More and more Americans recognize that plastic is a problem, but Imari Walker Karega, a PhD student at Sullivan Foundation partner school Duke University, has a knack for explaining it in accessible terms—and for dispelling myths and misconceptions about environmental issues.
And Walker gets the message out using one of the world’s most popular social media platforms—YouTube—through short, engaging videos that focus on the science of water quality and microplastics while also offering tips for getting into college and thriving while you’re there.
Walker earned her undergraduate degree in marine science from the University of California-Berkeley and is presently a researcher in the lab of Duke University environmental engineer Lee Ferguson. She studies the fate of plastic components as they break down and disperse in the environment.
One of Walker’s major worries: plastic water bottles. Many consumers believe bottled water is safer to drink than tap water—and they’re wrong. “The biggest concern is that you don’t know where that bottle of water has been before it ends up in your hand,” she said. “It could have been sitting in a warehouse or the back of a truck, in the heat—which speeds the plastic’s disintegration—for a long time. I worry about the chemicals and the microplastics that could be in there when you consume the water. And then we’re also polluting the environment with the empty bottle. It’s a double whammy.”
Part of Walker’s dissertation work is conducted at the CEINT Mesocosm Facility in Duke Forest, where she doses a simulated wetland ecosystem with microplastics to discover where they will eventually settle out. The water is full of the UV inhibitors that are added to plastic during the manufacturing process, Walker said, and the fish see tiny bits of plastic as tasty prey—and gobble them down.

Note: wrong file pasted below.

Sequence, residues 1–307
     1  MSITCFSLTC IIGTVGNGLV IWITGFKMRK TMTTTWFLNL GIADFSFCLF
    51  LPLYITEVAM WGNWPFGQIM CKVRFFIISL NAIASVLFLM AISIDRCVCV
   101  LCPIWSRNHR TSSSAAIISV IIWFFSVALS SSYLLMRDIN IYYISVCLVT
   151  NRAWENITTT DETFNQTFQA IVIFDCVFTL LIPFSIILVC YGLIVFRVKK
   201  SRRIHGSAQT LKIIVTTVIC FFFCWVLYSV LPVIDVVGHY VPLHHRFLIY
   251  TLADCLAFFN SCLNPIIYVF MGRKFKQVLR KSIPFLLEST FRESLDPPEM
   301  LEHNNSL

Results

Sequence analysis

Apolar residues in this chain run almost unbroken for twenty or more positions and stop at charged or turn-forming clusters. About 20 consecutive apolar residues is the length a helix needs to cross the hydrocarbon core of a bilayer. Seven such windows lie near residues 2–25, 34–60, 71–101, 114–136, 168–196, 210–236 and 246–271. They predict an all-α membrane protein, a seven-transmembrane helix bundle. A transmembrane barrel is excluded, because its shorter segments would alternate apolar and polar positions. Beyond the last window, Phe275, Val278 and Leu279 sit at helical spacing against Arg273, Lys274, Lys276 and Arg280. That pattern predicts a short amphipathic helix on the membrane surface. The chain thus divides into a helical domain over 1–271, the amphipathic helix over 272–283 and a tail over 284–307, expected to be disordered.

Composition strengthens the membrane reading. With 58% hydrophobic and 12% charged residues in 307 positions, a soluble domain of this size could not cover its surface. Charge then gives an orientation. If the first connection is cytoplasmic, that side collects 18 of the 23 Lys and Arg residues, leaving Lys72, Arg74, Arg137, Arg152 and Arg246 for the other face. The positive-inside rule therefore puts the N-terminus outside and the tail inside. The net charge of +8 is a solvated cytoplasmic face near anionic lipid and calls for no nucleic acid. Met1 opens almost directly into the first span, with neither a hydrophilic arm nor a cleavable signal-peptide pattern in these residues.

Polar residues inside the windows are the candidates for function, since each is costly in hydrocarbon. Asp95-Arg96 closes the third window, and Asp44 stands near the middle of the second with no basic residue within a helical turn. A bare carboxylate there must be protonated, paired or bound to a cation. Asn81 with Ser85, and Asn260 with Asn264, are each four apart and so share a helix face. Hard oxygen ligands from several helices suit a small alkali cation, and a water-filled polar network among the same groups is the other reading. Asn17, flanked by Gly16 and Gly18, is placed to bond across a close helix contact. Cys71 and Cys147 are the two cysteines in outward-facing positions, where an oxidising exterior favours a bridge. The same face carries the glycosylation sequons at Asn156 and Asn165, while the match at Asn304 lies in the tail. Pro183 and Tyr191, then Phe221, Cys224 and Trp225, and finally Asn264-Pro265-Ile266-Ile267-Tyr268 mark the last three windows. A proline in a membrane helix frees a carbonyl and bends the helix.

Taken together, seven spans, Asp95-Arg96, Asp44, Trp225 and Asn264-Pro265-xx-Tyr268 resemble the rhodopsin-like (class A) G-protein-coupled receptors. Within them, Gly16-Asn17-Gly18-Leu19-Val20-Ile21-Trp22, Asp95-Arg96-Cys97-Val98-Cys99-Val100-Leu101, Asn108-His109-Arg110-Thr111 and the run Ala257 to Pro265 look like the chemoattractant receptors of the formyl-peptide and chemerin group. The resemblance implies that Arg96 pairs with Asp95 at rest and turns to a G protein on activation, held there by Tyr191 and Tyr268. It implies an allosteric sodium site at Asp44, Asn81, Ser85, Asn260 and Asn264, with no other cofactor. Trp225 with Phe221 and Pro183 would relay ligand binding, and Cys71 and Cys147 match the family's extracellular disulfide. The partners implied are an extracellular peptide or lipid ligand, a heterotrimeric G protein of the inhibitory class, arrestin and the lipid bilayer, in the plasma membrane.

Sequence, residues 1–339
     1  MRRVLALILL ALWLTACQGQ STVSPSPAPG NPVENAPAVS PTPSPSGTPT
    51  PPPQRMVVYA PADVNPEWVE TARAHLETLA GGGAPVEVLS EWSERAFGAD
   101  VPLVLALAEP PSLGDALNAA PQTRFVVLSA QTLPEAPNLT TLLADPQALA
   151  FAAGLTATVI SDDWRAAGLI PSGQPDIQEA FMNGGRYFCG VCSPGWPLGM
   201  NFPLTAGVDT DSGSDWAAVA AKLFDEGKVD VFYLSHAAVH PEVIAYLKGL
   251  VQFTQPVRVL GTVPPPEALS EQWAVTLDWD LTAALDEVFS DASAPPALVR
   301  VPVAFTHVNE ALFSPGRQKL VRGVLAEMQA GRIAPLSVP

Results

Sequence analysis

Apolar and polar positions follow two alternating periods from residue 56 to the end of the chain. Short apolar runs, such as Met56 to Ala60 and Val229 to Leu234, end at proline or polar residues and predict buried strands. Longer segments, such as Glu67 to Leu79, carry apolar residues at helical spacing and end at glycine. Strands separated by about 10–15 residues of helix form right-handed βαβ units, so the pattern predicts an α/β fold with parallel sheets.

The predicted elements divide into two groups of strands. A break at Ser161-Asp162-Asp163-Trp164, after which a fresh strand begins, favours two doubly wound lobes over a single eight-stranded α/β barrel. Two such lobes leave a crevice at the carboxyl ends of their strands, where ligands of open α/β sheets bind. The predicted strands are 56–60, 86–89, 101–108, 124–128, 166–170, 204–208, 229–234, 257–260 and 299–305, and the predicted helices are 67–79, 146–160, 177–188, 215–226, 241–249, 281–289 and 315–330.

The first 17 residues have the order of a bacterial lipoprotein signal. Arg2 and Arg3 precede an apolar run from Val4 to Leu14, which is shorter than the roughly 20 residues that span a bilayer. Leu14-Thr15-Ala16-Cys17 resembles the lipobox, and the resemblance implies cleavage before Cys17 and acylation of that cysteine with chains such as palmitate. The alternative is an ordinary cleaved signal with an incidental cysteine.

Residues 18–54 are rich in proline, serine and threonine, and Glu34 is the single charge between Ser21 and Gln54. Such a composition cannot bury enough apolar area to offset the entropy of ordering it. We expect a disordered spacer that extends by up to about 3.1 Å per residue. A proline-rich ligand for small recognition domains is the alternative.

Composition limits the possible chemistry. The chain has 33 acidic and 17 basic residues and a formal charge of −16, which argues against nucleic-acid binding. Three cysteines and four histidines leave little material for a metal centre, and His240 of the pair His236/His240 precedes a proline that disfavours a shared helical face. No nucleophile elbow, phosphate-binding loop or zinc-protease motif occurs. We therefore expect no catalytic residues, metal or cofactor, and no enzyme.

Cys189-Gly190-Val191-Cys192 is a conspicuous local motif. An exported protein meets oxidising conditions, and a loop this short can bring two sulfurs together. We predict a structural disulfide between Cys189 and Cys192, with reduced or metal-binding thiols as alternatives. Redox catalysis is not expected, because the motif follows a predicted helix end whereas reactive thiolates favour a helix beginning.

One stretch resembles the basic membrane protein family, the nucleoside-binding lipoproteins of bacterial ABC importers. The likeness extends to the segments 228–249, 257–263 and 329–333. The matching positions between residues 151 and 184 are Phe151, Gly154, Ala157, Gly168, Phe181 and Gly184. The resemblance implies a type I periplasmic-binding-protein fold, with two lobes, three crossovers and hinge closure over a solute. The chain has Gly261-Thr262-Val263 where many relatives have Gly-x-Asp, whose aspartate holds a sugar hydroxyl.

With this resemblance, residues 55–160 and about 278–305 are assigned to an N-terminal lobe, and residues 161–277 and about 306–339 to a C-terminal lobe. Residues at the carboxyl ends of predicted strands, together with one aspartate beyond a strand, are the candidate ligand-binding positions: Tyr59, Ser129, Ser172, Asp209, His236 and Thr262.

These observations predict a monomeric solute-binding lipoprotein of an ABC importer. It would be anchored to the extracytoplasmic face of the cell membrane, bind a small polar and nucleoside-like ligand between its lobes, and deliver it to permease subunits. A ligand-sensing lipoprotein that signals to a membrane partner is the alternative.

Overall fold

According to Walker, the environment inside an animal’s stomach can cause some harmful chemicals to be released at higher concentrations than they would in seawater. She has used non-target mass spectrometry, a form of chemical forensic science, to find that high concentrations of surfactants, lubricants and biocides leach from plastic items commonly found on beaches, including balloons, trash bags, Styrofoam cups, and fishing line.
It’s well-known that some of these plastic additives can affect your health—like BPA, which can bind to estrogen receptors and influence bodily processes. The effects of hundreds of other plastic additives are still unknown.
But Walker said it’s difficult to make recommendations for alternatives—like reverse osmotic filtration systems in place of plastic bottles—when they are often expensive. “‘Environmentally friendly’ is not cost-effective,” she said. “It’s elitist, in a way, and it’s hard to encourage people to do good things when they’re not accessible.”
On her Youtube channel, Walker delves into the topics she studies, including water quality and chemical exposure from consumer products. But the videos are not geared toward other scientists—instead, they’re produced for a broad range of ages and knowledge levels. “I feel like we researchers have been living in a little bit of a bubble when we go into our labs and interact mostly with other researchers,” she said. “The public needs to understand what environmental engineering is, what a researcher does, what our findings are and what the implications are for daily life.”
Her videos also focus on higher education, paying special attention to people in their teens who might be thinking about college. In recent years she served as a mentor for SENSOR Saturday Academy, which helps underrepresented Durham, N.C. middle-school students explore STEM through real-life water quality projects.
“For me personally, it’s important to communicate this work in a public-facing way because I didn’t see many black female environmental engineers—I’ve only met two or three, ever,” said Walker. “I wanted to be that change and inspire others to think about this field.”
You can learn more about Walker at her website.
This article was adapted from a press release appearing on the Duke University website.